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January 22, 2018
by Tracey Block

New suicide screening toolkit aims to help youth at risk

January 22, 2018 01:50 by Tracey Block

Two weeks ago, researchers from the Division of Intramural Research Programs (IRP) at the National Institute of Mental Health (NIMH) launched a new suicide screening toolkit for use in a variety of healthcare settings. The Ask Suicide-Screening Questions (ASQ) toolkit is available to health professionals at no charge with the goal of assisting physicians and nurses to more quickly and effectively “identify youth [aged 10 to 24] at risk for suicide”.

Overseeing the creation of the toolkit was NIMH IRP researcher and clinician Dr. Lisa M. Horowitz, Ph.D., M.P.H., who said, “Early detection is a critical prevention strategy.” According to Horowitz, suicide is a major public health concern in the United States, but “even more common than death by suicide are suicide attempts and suicidal thoughts.”

NIMH’s press release announcing the toolkit cited 2015 statistics from the Centers for Disease Control and Prevention (CDC): “More than 5,900 youths between the ages of 10 and 24 died by suicide”.

In an April 2016 article for The New York Times, writer Sabrina Tavernise provided more urgent statistics writing that American suicide numbers had “surged” to levels higher than the past 30 years. She indicated that suicide prevention programs across the U.S. were “spotty” with some health care centers and hospitals screening “for suicidal thinking”.

The website of the Canadian Association for Suicide Prevention (CASP) indicates that on any one day, 11 Canadians will take their own lives and 210 others will attempt suicide each day. Ranked as the ninth leading cause of death in Canada in 2012, CASP confirms: “To be certain, suicide is a critical public health issue in Canada."

According to Horowitz, the NIMH sees it suicide screening kit with far-reaching use. “Emergency departments, inpatient medical/surgical units, and outpatient primary care and specialty clinics offer a promising opportunity for suicide screening and intervention”.

Horowitz said very often families only use the health care system by reporting to hospital emergency departments for help. Nevertheless, she continued, “Most people don’t show up to the emergency department and say, ‘I want to kill myself.’ They show up with physical complaints and will most likely not discuss their suicidal thoughts unless they are asked directly.”

The NIMH research team underlined the fact that most people who commit suicide, and die as a result, will have visited “a healthcare provider within months before their death”. The researchers saw this window of time as a chance to pinpoint “at risk” individuals and provide them with access information to mental health assistance.

Horowitz and her team of developers believe their resource will provide the questions necessary for professionals to make that first assessment of a patient’s risk for self-harm faster and more accurate.

The ASQ toolkit is comprised of only four, uncomplicated yes-no screening questions that requires only 20 seconds to ask of a patient presenting in an emergency room or other healthcare facility. Horowitz and her colleagues had initially tested 17 potential questions on a field of 524 patients aged 10 to 21 years.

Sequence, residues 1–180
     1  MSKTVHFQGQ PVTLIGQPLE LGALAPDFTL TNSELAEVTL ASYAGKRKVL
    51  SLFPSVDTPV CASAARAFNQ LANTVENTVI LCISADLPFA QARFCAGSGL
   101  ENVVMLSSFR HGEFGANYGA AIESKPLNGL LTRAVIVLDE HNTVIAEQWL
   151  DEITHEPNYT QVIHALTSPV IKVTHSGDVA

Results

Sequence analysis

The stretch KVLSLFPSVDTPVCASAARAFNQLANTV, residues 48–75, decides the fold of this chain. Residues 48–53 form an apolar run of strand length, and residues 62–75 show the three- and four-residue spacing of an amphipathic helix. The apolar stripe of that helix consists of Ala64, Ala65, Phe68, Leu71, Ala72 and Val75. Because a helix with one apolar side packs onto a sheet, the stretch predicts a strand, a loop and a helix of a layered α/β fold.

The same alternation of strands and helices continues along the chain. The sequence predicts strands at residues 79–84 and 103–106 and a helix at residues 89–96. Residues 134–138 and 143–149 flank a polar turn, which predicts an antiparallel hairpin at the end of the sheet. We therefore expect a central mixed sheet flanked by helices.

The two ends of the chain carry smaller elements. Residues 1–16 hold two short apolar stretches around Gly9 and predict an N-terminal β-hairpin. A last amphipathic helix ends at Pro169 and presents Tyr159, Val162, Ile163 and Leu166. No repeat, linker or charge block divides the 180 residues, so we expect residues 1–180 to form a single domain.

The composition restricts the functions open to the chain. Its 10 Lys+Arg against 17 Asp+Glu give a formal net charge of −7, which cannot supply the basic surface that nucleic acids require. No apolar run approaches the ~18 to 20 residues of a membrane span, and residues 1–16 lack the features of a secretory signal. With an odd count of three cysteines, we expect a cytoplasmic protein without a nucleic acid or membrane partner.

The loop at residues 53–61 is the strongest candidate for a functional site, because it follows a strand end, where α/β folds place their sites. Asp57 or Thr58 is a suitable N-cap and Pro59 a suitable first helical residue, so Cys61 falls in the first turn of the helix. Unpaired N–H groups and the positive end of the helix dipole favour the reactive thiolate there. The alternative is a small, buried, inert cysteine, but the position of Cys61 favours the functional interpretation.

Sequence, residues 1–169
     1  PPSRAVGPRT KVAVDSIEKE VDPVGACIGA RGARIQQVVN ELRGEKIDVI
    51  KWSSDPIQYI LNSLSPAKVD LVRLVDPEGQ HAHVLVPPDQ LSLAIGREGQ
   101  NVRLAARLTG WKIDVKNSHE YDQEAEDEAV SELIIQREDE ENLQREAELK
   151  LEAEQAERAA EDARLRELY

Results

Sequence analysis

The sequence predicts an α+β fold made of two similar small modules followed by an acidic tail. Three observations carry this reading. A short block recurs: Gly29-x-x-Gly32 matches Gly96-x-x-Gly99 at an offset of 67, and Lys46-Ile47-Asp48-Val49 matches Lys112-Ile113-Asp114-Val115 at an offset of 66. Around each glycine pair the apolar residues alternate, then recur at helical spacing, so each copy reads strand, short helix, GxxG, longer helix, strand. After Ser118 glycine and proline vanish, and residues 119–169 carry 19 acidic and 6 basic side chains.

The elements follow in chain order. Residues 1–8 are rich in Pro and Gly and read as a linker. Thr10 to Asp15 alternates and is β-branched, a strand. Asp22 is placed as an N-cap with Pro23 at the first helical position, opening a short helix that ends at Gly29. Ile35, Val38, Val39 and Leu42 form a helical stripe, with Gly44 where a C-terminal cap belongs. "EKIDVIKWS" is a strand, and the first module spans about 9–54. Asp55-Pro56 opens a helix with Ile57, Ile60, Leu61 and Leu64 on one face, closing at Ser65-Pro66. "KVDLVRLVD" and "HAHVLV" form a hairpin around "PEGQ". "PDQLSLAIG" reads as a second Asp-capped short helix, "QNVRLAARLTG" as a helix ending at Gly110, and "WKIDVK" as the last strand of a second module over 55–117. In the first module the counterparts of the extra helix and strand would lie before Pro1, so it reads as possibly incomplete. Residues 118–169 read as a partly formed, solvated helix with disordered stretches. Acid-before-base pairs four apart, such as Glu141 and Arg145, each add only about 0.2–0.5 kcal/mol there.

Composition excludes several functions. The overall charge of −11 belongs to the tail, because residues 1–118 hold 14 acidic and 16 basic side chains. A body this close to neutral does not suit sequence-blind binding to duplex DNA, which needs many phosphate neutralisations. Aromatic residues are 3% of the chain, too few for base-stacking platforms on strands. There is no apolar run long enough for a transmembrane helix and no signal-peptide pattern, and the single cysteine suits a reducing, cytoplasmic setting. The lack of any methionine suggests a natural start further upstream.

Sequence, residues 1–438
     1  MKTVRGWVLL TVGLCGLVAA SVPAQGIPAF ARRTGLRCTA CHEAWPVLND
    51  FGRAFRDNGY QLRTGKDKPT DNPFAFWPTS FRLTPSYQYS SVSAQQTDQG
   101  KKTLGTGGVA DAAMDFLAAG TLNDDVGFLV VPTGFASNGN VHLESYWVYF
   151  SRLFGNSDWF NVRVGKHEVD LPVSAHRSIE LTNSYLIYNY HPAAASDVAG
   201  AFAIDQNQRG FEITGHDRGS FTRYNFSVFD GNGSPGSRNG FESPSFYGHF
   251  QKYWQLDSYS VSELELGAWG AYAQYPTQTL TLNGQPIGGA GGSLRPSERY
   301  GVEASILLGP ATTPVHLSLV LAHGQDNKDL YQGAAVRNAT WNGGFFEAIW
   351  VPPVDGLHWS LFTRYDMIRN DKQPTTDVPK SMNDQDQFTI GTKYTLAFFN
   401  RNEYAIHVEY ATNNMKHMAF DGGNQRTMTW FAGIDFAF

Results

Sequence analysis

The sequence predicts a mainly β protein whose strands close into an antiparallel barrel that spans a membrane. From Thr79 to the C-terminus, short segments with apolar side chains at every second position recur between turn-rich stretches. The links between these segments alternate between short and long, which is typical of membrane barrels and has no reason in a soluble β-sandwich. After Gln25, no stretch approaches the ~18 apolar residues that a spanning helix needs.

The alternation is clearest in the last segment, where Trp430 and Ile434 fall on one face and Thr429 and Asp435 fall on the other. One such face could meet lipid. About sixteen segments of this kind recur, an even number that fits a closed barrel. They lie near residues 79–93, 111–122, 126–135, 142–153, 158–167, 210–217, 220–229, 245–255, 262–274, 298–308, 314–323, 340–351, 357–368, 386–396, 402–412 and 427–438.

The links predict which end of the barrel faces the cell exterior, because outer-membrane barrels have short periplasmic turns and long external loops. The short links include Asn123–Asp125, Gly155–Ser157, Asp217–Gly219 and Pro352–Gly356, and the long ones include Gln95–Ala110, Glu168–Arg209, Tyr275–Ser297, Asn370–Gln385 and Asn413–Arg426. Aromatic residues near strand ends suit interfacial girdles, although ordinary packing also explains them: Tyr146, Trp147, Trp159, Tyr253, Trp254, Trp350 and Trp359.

Of the 17 test questions, “four stood out as having the most accuracy for predicting suicide attempts: current thoughts of being better off dead, current wish to die, current suicidal ideation, and history of suicide attempt.” These four became the questions formulated for the new toolkit.

The NIMH researchers found that a yes to one or more kit questions “identified 97 percent of youth (aged 10 to 21 years) at risk for suicide”. If a patient is considered to be a “positive screen” for suicidal thoughts, a fifth question will be asked to assess the imminent danger the individual poses to their own wellbeing. In all settings, however, “clinical judgment can always override a negative screen”.

Horowitz explained, “Each [healthcare] setting needs to have a plan in place to manage patients that screen positive. The ASQ toolkit will help with suicide risk screening, but also provides tools for the management of patients who are found to be at risk.”

Together with her team, Horowitz realizes further research will be required—assessing future results of the “impact of suicidal screening [especially] in pediatric emergency departments”. Nevertheless, the ASQ toolkit illustrates “the first time such a screen has been validate for pediatric and young adult patients”.

The ASQ is currently available in Arabic, Dutch, English, French, Hebrew, Korean, Mandarin, Portuguese, and Spanish. To learn more or download the toolkit, visit www.nimh.nih.gov/ASQ.

NIMH and the ASQ provided a list of U.S. suicide prevention resources. Some of those include:

  • Crisis Text Line:  Text HOME to 741-741 
  • National Suicide Prevention Lifeline:  1-800-TALK (8255)
  • Substance Abuse and Mental Health Services Administration:  www.samhsa.gov 

In Canada:

Canadian Association of Suicide Prevention:  https://suicideprevention.ca/need-help/

 


References

Canadian Association for Suicide Prevention. (Retrieved January 21, 2018). Suicide in Canada. https://suicideprevention.ca/understanding/suicide-in-canada/

National Institute of Mental Health. (January 12, 2018). Intramural Researchers Develop Suicide Risk Screening Toolkit for Medical Settings. https://www.nimh.nih.gov/news/science-news/2018/intramural-researchers-develop-suicide-risk-screening-toolkit-for-medical-settings.shtml

Tavernise, S., (April 22, 2016). The New York Times. U.S. Suicide Rate Surges to a 30-Year High. https://www.nytimes.com/2016/04/22/health/us-suicide-rate-surges-to-a-30-year-high.html?mtrref=www.google.ca&gwh=832A764D6D51C252141C0A2F18ADE899&gwt=pay

 

 

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